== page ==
Are German authorities covering up for the death of Jaber al-Bakr?

By Ulrich Rippert
15 October 2016

Jaber al-Bakr, the 22-year-old Syrian arrested Monday on suspicion of terrorist activity, was found dead in his cell on Wednesday evening. On Thursday, the prison management in Leipzig declared that the detainee used his prison clothing to hang himself from one of the cell’s bars.

At a hastily convened press conference, Saxony’s justice minister Sebastian Gemkow (Christian Democrats, CDU) rejected any suggestion that the authorities were responsible for the prisoner’s death. It was disappointing and “should not have been allowed to happen,” Gemkow said, but according to his information, everything had been done by authorities to avert suicide. On Wednesday, experts had not identified any immediate suicide risk.

Al-Bakr’s public defender contradicted this and sharply criticised the authorities responsible. “I am incredibly shocked and speechless that something like this can happen,” said lawyer Alexander Hübner in several interviews. He spoke of a “judicial scandal.” The suicide risk posed by the accused was recognised by those responsible at the judicial facility and noted in the protocol.

The crisis situation facing his client was obvious, Hübner noted. “He had already destroyed lamps and manipulated an electric socket.” The deputy head of the detention centre reassured him on Wednesday afternoon by telephone that al-Bakr, who was being kept in solitary confinement, would be “watched constantly.” According to Hübner, the terrorist suspect had been on a hunger strike since his detention. He had eaten and drunk nothing since Sunday.

The circumstances surrounding Jaber al-Bakr’s death raise a number of questions. Al-Bakr was not a normal prisoner, but rather a terrorist suspect accused of possessing highly explosive materials, maintaining ties with Islamic State and having planned horrific attacks on airports with a similar impact as the attacks in Paris and Brussels in which over 150 were killed.

Despite this, no interview was conducted when he entered prison, allegedly because no interpreter could be found. He was not brought into a communal cell, as is the case with others showing a suicide risk, but detained in solitary confinement.

After a discussion with a “very experienced psychologist” the following day, the suicide risk was deemed to be low and observations were reduced to once every 30 minutes. Despite this, according to reports at the press conference, the officer on duty repeated the checks every 15 minutes, during one of which he found the dead man.

It remains entirely unclear how a prisoner, who no longer had possession of any dangerous objects, could hang himself in an almost empty cell in a matter of minutes without any possibility of reviving him. Many sources are contradictory and lack credibility. But they cannot be explained by mere incompetence on the part of the Leipzig judicial system, as politicians and the media are currently trying to do.

The much more important question that must be asked is: did the intelligence services have something to conceal at the highest levels? Did an interest exist within the security apparatus to prevent proceedings in court and a public statement by al-Bakr? Was his desire to commit suicide accepted as a price worth paying or even actively encouraged?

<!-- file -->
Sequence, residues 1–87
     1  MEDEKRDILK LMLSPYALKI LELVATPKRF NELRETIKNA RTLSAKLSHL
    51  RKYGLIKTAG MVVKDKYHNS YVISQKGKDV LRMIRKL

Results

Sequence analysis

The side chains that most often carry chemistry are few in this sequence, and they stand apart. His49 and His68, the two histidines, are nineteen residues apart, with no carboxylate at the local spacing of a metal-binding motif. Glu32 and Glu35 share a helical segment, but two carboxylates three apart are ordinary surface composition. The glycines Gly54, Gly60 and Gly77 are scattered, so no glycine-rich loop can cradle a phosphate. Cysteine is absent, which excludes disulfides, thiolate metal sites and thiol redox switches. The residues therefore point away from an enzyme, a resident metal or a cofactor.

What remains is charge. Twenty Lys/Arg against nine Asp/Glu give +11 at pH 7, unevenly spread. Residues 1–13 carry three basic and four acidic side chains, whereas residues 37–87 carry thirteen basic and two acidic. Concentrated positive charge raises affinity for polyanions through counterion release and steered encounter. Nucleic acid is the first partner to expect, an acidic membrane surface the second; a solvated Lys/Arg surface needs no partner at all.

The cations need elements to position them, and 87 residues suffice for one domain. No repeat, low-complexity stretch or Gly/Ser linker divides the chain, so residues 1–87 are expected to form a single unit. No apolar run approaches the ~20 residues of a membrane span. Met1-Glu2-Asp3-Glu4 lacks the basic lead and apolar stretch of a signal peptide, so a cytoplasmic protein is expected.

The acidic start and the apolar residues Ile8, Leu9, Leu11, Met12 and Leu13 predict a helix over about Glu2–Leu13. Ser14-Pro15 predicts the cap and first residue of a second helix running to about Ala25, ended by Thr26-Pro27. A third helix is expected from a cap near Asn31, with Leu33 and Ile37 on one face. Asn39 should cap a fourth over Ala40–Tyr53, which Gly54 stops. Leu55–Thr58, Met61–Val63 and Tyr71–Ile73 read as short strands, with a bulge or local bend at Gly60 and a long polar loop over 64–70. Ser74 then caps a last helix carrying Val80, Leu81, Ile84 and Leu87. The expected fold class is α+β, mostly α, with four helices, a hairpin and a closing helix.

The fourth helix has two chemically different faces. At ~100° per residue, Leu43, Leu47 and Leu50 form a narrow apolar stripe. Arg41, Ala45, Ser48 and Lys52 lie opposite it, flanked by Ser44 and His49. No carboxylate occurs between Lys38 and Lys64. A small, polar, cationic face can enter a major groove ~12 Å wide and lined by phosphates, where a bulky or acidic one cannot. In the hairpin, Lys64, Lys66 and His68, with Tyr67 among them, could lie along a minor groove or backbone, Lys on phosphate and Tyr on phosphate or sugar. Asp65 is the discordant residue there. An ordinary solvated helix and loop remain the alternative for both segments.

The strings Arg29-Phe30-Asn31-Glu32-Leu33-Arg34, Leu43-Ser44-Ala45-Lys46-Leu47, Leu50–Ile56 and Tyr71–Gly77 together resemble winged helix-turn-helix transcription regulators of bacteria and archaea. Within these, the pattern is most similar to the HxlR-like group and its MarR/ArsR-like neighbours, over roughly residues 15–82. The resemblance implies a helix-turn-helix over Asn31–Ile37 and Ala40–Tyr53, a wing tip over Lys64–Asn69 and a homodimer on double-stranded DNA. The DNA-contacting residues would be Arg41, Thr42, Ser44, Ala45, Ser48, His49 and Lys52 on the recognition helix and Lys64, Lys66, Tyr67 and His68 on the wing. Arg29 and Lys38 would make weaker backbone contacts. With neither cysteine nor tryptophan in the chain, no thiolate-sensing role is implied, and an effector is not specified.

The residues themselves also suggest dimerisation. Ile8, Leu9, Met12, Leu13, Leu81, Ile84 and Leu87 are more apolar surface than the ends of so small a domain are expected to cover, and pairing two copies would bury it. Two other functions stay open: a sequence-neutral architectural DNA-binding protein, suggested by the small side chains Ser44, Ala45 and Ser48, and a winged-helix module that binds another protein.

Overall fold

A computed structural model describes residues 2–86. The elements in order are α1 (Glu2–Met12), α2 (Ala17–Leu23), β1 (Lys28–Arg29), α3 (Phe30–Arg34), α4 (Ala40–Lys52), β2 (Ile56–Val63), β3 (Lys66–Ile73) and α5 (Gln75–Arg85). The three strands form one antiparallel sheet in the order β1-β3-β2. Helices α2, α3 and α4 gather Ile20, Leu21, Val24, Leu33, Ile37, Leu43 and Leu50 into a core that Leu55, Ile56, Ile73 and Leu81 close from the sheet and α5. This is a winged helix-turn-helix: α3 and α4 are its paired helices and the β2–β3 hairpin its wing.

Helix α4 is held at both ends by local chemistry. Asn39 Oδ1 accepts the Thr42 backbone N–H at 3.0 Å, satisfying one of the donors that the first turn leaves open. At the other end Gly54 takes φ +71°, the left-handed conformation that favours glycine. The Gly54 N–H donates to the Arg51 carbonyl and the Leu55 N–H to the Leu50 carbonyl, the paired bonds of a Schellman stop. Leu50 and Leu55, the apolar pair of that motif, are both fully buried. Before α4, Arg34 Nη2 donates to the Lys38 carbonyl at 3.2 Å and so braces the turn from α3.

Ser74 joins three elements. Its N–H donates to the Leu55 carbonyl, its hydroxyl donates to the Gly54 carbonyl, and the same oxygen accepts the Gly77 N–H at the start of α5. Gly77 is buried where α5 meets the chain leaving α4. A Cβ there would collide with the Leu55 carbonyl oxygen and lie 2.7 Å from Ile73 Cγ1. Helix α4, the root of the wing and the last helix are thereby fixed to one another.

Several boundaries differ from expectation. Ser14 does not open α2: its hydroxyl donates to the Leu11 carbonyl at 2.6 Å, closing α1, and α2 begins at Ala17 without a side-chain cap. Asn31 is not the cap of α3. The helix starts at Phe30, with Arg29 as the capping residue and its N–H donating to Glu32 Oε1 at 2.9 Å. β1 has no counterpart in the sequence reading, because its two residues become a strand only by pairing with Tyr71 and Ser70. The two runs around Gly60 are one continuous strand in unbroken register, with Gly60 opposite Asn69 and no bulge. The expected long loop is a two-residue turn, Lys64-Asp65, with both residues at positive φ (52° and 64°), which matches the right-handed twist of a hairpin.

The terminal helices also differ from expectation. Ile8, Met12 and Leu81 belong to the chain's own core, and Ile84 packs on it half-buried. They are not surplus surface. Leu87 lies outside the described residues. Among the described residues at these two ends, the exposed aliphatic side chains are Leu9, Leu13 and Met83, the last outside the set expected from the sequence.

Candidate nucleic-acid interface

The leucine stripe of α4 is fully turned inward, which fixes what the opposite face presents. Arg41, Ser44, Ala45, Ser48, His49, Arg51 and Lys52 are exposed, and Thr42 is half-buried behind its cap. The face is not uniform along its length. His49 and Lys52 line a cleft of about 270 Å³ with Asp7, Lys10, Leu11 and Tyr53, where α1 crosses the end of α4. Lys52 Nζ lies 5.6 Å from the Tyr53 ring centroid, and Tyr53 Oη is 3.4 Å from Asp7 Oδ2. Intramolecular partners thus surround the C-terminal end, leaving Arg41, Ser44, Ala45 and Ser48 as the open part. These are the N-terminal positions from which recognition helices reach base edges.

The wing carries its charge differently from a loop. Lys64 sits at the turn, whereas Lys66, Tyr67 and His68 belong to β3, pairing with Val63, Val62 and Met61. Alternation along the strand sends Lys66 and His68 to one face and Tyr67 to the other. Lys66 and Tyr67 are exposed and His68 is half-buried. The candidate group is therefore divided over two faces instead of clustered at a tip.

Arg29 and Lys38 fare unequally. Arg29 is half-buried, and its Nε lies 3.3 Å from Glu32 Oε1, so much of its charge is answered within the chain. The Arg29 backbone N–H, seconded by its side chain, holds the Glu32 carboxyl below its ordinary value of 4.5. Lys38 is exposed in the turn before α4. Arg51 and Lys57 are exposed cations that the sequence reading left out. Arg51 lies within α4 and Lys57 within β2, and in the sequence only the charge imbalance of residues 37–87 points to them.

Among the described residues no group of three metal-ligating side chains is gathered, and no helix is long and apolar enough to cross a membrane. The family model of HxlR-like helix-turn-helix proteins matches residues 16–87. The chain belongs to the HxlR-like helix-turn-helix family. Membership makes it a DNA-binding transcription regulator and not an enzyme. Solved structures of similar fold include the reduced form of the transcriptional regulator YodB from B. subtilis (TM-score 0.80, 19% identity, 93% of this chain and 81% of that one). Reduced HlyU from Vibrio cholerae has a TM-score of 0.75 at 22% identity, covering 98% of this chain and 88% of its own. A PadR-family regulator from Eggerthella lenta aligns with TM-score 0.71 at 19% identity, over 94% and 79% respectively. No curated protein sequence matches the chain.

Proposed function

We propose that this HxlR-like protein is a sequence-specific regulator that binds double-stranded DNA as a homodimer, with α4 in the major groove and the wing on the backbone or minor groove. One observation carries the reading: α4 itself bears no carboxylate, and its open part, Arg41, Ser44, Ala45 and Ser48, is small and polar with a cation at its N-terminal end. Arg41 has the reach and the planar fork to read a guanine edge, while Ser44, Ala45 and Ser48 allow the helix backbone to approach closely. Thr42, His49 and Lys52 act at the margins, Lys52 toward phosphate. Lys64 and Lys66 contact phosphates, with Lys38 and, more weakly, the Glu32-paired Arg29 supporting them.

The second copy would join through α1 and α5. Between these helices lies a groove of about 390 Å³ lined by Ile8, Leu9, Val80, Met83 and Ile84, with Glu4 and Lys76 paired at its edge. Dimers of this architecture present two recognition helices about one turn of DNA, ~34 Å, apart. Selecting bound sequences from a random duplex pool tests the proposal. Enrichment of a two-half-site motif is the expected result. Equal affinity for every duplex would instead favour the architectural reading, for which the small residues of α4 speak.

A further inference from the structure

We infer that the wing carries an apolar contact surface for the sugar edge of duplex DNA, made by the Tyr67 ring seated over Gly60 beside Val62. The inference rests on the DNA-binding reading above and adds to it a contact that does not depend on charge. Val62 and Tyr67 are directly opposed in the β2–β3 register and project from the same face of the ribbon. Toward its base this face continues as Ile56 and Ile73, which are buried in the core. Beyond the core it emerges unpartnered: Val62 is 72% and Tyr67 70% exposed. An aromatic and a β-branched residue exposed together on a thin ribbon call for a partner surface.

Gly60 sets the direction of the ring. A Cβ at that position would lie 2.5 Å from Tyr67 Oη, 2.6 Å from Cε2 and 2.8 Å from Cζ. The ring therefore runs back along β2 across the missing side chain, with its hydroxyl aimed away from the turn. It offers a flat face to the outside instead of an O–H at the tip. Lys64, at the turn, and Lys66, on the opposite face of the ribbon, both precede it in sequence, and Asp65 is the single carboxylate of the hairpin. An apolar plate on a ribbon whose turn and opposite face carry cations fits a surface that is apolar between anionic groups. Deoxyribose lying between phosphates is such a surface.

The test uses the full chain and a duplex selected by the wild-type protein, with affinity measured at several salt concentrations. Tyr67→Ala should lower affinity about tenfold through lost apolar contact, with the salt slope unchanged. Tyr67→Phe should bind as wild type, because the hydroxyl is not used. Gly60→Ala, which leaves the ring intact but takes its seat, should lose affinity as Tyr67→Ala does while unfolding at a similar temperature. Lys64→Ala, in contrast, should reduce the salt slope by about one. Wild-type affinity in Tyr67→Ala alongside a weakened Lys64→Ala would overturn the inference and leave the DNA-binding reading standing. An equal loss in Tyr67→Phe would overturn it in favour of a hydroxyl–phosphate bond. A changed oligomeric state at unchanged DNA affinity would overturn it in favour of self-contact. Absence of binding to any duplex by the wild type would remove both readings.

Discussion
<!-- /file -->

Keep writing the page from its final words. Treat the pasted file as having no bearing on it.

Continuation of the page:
It is a fact that not only the death of al-Bakr, but also his ties to the intelligence services are very mysterious. According to his own account, the domestic intelligence agency had been watching him for a long time.

Al-Bakr was registered as a refugee in Munich in February 2015 and applied for asylum. In June 2015, he received asylum for a period limited to three years. The domestic intelligence and foreign intelligence agencies placed him under observation, reportedly because he searched online for a recipe to make a pipe bomb.

But despite being under observation, he was able to cross borders without difficulty. He returned to Syria on numerous occasions and stayed for a time in Turkey.

It remains unexplained how he was able to procure the highly explosive materials under conditions of this surveillance. According to Saxony’s Justice Minister Markus Ulbig (CDU), the same explosives “as in Paris and Brussels” were involved. The president of the state criminal agency in Saxony, Georg Michaelis, added that many things pointed to an IS connection.

On 8 October, the police tried to detain al-Bakr in Chemnitz as he left his home in the morning. The police called his name and fired a warning shot, but then allowed him to escape. The police subsequently began a high-profile public search, releasing photos and warnings that the man being sought was extremely dangerous and potentially armed.

The apartment under observation in Chemnitz was stormed by special forces units, and the explosives found were widely publicized in the media. On Sunday night, al-Bakr was arrested. He was unarmed. At Leipzig train station Al-Bakr had asked two fellow Syrians for a place to sleep. The pair took him home with them and then handed him over to the police after tying him up.

According to statements by intelligence agency head Hans-Georg Maaßen, an attack on a Berlin airport was in the advanced stages of preparation and could have been carried out in a matter of days. Interior Minister Thomas de Maizière (CDU) compared the case to the attacks in Paris and Brussels and stated that the 22-year-old Syrian had ties to IS, according to information from the domestic intelligence service.

In this context, it is worth noting that the attackers in Paris and Brussels were also known to the security authorities, could travel virtually unhindered and prepared their attacks under the noses of the intelligence agencies.

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